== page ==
Serious examination of the parallelism between the two states of sleeping and waking reveals many other similarities. One more only need be mentioned here—the close resemblance of our memory as regards the experience of the two states. It is true that of our waking life we preserve a more or less continuous recollection, whereas our dream-life is a series of discontinuous memories. But apart from this specific difference our actual memory-faculty appears to behave much the same in relation to both forms of experience. We know how difficult it is to recall at will a dream of the night before; the dream was vivid, and all its details were in our mind on awaking; but in an instant the whole of it has vanished, leaving not a wrack behind. Memory of yesterday's life-dream is not so treacherous, or capricious as regards its main features; but where today is the vivid detail of yesterday? We saw clearly a thousand and one objects, we even attended to them. We listened to conversation, we spoke, we watched men and things in the street, we read books or newspapers, we read and wrote letters, we ate and drank and did or perceived a host, that no man can number, of objects and actions. That was only yesterday, yesterday's vivid waking dream. How many of those details remain in our memory today; or how many could we by any effort recall? As completely as the dreams of the night, the mass of our life-dreams of yesterday fade into the oblivion of our unconsciousness.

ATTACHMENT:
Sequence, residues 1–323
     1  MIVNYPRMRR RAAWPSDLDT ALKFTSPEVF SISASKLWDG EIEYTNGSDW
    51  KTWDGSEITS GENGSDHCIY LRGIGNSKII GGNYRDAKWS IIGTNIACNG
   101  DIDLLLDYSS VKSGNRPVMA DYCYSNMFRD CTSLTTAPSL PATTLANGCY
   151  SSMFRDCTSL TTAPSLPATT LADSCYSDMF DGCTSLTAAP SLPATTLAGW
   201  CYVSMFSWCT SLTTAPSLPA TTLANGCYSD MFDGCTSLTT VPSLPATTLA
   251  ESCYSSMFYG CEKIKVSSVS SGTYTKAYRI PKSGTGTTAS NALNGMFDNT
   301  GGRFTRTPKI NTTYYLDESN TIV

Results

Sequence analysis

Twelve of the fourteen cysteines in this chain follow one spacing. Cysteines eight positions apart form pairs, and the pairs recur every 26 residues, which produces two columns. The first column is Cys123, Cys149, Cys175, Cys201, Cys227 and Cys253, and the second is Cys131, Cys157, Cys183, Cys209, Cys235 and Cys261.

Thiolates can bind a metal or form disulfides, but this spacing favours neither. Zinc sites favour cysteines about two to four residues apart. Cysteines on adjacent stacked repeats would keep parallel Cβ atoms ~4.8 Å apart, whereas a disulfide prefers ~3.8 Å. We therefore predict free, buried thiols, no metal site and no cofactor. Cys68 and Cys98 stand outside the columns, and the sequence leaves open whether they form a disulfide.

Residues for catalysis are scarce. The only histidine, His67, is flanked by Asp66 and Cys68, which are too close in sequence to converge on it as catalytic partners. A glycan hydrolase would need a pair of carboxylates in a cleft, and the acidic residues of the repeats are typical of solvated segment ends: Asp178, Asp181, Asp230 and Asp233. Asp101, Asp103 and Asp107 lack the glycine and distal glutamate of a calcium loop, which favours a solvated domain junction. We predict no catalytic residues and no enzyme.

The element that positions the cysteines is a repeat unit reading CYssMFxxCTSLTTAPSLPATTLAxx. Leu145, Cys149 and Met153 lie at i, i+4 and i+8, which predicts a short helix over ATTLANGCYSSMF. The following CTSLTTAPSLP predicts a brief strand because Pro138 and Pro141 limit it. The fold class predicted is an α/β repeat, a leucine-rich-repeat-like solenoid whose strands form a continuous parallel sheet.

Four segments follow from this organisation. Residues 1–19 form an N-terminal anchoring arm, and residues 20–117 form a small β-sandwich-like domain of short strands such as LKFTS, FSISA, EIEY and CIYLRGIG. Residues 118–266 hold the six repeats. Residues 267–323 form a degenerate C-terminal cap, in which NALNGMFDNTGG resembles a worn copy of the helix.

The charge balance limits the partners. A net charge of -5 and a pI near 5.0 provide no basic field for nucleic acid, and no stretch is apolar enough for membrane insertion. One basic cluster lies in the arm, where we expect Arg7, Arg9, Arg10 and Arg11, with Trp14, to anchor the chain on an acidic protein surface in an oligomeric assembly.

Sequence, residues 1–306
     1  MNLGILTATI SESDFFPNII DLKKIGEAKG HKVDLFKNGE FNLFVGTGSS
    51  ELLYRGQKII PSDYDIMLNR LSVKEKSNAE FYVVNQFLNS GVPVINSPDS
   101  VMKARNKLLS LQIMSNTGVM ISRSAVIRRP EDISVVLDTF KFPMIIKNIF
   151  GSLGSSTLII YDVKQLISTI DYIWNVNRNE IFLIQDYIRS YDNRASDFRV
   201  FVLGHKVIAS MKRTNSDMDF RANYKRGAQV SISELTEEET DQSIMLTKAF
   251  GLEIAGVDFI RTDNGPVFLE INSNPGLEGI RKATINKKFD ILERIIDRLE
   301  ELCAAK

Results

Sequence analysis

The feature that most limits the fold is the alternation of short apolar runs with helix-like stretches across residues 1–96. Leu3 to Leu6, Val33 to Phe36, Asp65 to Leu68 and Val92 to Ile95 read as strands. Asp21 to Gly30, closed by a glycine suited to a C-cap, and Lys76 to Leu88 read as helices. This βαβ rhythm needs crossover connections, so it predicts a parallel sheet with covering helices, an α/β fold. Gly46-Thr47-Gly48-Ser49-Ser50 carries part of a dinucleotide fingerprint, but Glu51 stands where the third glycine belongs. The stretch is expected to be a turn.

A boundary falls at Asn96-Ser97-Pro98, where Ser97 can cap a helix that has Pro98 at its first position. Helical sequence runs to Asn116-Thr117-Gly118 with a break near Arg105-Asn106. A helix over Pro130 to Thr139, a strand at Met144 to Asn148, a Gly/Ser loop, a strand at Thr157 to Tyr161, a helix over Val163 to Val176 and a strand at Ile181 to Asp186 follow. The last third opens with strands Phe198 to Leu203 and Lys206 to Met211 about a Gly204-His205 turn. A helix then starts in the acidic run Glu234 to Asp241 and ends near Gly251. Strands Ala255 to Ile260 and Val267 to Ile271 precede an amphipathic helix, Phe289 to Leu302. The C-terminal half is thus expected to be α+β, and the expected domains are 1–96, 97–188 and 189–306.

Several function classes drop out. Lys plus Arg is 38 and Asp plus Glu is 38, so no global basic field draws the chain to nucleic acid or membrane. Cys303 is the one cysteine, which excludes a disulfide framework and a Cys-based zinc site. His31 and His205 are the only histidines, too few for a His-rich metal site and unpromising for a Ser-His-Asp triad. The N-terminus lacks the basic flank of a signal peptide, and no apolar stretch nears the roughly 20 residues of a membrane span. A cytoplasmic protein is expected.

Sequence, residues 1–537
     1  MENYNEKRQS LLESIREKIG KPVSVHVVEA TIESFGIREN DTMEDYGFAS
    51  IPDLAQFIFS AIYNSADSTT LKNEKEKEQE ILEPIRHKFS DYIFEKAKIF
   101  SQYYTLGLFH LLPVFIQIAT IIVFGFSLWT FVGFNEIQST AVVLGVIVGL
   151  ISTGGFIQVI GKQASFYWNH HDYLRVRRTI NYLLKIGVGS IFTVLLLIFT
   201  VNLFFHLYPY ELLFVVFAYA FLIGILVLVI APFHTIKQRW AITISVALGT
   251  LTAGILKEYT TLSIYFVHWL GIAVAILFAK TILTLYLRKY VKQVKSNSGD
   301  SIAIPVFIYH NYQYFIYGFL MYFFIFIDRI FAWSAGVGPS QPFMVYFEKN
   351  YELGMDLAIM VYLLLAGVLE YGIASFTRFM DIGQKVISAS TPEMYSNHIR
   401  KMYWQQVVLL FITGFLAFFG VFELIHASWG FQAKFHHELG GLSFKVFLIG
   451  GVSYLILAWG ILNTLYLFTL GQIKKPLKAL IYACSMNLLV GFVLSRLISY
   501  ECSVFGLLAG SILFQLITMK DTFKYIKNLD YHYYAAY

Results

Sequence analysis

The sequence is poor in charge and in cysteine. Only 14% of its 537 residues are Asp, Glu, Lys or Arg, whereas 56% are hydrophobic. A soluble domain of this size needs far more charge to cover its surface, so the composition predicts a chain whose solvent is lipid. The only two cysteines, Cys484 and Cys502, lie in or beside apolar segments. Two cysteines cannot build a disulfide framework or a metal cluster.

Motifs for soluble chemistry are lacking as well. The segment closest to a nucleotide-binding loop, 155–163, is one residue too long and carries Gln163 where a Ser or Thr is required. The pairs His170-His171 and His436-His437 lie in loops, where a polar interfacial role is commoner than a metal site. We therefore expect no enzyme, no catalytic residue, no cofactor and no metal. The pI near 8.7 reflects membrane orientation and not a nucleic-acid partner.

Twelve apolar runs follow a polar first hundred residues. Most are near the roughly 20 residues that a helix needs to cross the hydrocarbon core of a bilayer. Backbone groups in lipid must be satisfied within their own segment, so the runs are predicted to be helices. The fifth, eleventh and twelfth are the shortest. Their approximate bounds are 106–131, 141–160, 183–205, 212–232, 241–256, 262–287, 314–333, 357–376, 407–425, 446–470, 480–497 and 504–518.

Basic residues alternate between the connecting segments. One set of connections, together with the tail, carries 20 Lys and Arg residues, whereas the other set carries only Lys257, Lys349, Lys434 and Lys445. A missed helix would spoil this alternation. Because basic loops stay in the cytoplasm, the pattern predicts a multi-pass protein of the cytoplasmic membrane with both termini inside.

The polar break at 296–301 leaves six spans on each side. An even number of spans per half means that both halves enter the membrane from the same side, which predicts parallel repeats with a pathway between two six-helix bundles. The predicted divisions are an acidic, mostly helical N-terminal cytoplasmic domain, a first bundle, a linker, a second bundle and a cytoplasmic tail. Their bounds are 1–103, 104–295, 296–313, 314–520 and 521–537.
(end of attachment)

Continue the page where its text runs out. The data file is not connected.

It may be feared that there is something morbid in the foregoing speculations; and that an effort to see our waking life as merely a special form of sleep must diminish its importance for us and ours for it. But this attitude towards a possible and probable fact is itself morbidly timid. The truth is that just as in night-dreams the first symptom of waking is to suspect that one is dreaming, the first symptom of waking from the waking state—the second awaking of religion—is the suspicion that our present waking state is dreaming likewise. To be aware that we are asleep is to be on the point of waking; and to be aware that we are only partially awake is the first condition of becoming and making ourselves more fully awake.